Más Cara

My first three masks finished

Well if someone told me a few years ago that after all the time/effort/money of art school I'd be making paper mache' and hot-glueing felt to masks for a show, I'd probably have socked them in the stomach, and I'm not a very violent person. But for this show (for more info on what this show is read this fecalface.com blog post), crafting just makes sense, its cheap, fast, fun, and effective. For the main focus of our show in Mexico at the end of Feb, Alan Pheiffer (the artist I'm working with out of Mexico City) and I decided to explore the tradition of mask-making, asking people to think about their own idols, fears, oppressors, and possibly people they feel the need to imitate or mock...even if its themselves. We hope to get outside of the usual roles of artist/curator/gallery and open the show up to new communities.

Bernal, Mexico

To explain a bit on how it all came about... while in Mexico last fall, Alan brought me to a mask museum in the town of Bernal

Inside the Mask Museum, Bernal

Mask Museum, Bernal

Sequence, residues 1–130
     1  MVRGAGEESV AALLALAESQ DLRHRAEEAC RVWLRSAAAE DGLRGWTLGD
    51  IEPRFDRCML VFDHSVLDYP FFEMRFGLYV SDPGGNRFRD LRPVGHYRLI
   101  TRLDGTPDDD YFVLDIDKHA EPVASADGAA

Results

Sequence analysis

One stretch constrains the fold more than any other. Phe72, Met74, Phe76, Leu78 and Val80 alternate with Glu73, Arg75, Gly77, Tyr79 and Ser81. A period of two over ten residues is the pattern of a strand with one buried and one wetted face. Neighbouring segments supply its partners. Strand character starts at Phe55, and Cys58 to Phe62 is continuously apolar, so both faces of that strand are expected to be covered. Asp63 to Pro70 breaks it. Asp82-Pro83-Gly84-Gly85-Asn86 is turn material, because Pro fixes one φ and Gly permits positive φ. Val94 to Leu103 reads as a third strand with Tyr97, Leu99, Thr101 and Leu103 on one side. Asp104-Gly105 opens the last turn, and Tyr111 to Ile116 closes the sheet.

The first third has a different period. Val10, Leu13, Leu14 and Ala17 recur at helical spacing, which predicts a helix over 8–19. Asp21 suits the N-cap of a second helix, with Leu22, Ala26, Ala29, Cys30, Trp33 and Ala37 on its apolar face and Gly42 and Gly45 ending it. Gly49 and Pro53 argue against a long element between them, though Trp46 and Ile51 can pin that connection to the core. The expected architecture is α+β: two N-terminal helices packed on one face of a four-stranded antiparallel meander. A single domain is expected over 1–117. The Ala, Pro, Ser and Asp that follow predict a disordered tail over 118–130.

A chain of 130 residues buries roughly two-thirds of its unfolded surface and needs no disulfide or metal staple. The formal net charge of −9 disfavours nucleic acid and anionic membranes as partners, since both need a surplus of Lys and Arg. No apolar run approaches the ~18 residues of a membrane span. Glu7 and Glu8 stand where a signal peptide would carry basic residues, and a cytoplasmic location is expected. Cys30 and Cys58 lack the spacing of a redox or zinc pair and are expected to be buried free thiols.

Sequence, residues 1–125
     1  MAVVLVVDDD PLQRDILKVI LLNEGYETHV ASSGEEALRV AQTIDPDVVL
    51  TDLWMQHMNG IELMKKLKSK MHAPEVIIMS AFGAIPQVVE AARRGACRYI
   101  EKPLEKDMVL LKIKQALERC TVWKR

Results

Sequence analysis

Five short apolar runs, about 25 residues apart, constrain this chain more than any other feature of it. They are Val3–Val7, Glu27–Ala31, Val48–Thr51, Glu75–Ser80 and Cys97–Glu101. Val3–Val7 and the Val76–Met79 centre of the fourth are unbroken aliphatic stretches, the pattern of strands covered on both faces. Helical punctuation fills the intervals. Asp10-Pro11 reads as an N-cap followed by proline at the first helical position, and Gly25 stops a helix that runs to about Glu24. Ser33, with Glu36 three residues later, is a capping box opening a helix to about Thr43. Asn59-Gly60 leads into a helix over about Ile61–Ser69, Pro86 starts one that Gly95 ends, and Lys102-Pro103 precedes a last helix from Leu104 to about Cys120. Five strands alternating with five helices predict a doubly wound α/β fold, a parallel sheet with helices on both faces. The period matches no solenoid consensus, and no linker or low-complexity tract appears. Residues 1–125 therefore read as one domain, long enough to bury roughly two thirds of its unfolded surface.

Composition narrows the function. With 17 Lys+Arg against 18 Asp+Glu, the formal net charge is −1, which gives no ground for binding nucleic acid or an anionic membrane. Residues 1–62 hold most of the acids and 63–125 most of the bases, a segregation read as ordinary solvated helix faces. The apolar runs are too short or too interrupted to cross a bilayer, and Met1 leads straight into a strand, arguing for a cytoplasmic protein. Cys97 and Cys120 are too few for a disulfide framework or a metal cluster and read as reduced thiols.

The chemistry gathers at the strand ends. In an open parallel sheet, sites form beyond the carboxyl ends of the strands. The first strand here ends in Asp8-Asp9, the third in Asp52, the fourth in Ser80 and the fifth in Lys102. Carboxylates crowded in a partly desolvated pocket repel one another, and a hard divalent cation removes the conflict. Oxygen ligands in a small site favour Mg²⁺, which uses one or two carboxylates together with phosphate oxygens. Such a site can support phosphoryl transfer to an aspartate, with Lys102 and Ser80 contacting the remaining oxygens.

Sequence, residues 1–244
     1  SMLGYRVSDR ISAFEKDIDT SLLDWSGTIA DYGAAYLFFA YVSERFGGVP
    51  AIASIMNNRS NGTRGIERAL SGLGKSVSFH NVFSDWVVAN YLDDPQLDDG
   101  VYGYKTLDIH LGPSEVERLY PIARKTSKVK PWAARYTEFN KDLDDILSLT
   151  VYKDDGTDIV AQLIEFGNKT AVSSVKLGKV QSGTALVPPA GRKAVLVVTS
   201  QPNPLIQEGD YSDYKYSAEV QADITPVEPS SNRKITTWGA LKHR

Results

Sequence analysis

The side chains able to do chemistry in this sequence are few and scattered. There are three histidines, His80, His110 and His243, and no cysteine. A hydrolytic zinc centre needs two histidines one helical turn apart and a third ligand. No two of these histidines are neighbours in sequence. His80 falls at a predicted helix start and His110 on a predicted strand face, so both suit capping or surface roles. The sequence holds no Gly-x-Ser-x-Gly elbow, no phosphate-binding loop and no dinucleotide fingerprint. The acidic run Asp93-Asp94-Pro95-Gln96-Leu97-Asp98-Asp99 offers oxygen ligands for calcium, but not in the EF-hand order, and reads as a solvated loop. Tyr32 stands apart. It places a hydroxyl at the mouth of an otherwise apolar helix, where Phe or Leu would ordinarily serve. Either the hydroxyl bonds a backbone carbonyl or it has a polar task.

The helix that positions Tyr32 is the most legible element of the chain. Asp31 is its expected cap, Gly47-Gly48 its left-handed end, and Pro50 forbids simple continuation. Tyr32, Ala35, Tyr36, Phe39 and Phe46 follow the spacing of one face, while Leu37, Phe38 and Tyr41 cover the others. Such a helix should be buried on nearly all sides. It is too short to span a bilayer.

He explained to me some of the history of masks in Mexico. He explained how many indigenous Mexicans would use masks in their festivals to mock their European oppressors. We discussed the importance of these sort of rituals, not only in Mexico, but throughout history world-wide.  We decided to focus our show on bridging our own artistic communities with the communities around Tequisquiapan Mexico. Alan and I are  asking friends and colleagues to create their own masks to add to a collection, which we will then take on the road to villages in the Queretero state of Mexico. We will display these masks in public squares and ask locals to add to the visual dialogue by making their own masks. The entire collection will then be shown together at the end of February.  If you would like to participate by making a mask, please contact me asap for details on artist' commissions as well as some possible mask making parties in the next couple of weeks. I will be bringing as many masks as I possibly can down with me to Mexico. If you are out of the Bay Area and unable to pass your mask on to me, still contact me if you want to be a part of the show, we can work out a way for your mask to make it.  I will be updating a facebook page for the show as well, called Más Cara, and hopefully participants will post photos of their masks in the works. I'll leave you with several amazing masks that Alan has passed on to me from his searches for Mexican masks online, as well as some text he wrote to help inspire and educate folks. Thanks Alan! Mexico is a country of masks, a country full of fear from revealing itself, fearful of being exposed to the outside; but the world is also a world of masks: Everyone is impersonating one or more different characters, protecting themselves from the hostile surroundings, from society, from the known tyranny of living just once. Vargas Llosa, the peruvian Nobel price, once said that literature allows us to escape from the injustice of having just one life, of being just one person in the immense realm of existence; I am paraphrasing here. Masks give us the same opportunitie, allowing us to impersonate what we praise, fear, or disagree with; to appear as what we are not, or maybe as who we really are. The dictionary traces back the etymology of the word mask, to the Arabic maskharah meaning Buffoon; it relates to the verb sakhira “to ridicule”. In Spanish the word for mask: mascara, which is certainly a direct adaptation from Arabic, could be literarily read as más cara “more than the face” or “added face”, these could be understood as different levels of projections when one impersonates; one adds, enters a different plane of existence, being itself, the other, and a indefinable individual between the two. It is possible that this was the original purpose of the mask, as it is possible that it was for all the arts; the decontextualization of a concept (persona) to control it, to posses it, to gain power and reason over it, to have a better understanding of it. But this is not only valid for the shamanic ritualistic personifications, it is also for the act of the buffoon; ridicule something is to take it out of context, and to reveal with this isolation, the true nature of an issue, its “more that the face”. In Mexico one can find masks anywhere, in markets, on the heroes of Lucha Libre, in the Zapatista Guerrilla, those mocking politicians, in museums and in folk dances. Masks in México can be traced back to the prehispanic period. Within the Aztec mythology, one of the four principal deities is Xipe-Totec  “the flayed lord”; during the festivities to Xipe-Totec, the priest would flay a prisoner and then wear the skin as a representation of being reborn. Xipe-totec masks always present two levels of skin, one which is noticeable at the mouth; represents the deity wearing the skin of the other. There are also examples of prehispanic death masks divided in two, a skull and a living face; or with three concentric levels, from life to death, from a face to skull. Later, with the Spaniards, came the European tradition of carnivals. First used to evangelize; the Spanish masks were adopted by the local population in a variety of syncretised festivities. Many Mexican towns or cities have this mixture of beliefs even in their denomination, where a Christian name combines with a local name; eg. Santiago Tianguistenco. It is within this cultural turmoil, that many masked dances were born; some of them as ways to praise a native deity while celebrating a saint; others to laugh at the European oppressors. One of the best examples of these satiric dances is the one of the Chinelos, where european-like masks are worn in combination with extravagant clothing to represent the rich upper classes. It is said that this dance started when the native population of Tepoztlan began to make fun of the rich bourgeoisie celebrations. Another example is “La Danza de los Manueles” originated in Tixtla. It is said that a governor of that province, Don Manuel, was an evil man, hateful and discriminative. The indigenous population presented as a birthday gift a dance wearing two different types of masks, one of an old man, and one of an old woman, representing Don Manuel and his wife. The governor was informed of the parody and instead of getting angry he requested that the dace be represented each year. It is possible to understand that indigenous populations not only see in those dances a way to celebrate, but also recognise on those masks the face of their ridicule oppressors. Some years ago, it was common to see near traffic lights of Mexico City people selling latex masks of modern politicians, mainly presidents. It is relevant to recognize that there is an urge to make fun of politicians; one could find it in newspapers, in every talk, on internet and on masks. This “added face” which transforms us into our own oppressors, maybe to laugh at them, maybe to ask ourselves if we would act differently, if we are any different from the ones that torment us; maybe to posses them, to change their repressive acts into a smile, a smile that will grant us the mask of happiness.